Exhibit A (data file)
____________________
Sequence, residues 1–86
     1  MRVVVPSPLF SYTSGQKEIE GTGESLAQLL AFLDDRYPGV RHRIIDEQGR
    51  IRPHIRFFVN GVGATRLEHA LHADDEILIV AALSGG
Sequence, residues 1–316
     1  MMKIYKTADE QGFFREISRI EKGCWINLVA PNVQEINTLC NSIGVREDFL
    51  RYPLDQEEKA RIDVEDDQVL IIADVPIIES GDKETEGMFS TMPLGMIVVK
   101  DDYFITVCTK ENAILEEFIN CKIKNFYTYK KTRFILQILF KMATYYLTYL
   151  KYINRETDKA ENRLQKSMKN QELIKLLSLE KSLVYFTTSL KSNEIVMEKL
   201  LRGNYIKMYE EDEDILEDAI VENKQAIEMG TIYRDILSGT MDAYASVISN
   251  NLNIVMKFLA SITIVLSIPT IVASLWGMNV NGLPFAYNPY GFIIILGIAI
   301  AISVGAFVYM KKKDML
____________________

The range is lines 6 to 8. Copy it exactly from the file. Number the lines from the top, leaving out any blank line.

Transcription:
    51  RYPLDQEEKA RIDVEDDQVL IIADVPIIES GDKETEGMFS TMPLGMIVVK
   101  DDYFITVCTK ENAILEEFIN CKIKNFYTYK KTRFILQILF KMATYYLTYL
   151  KYINRETDKA ENRLQKSMKN QELIKLLSLE KSLVYFTTSL KSNEIVMEKL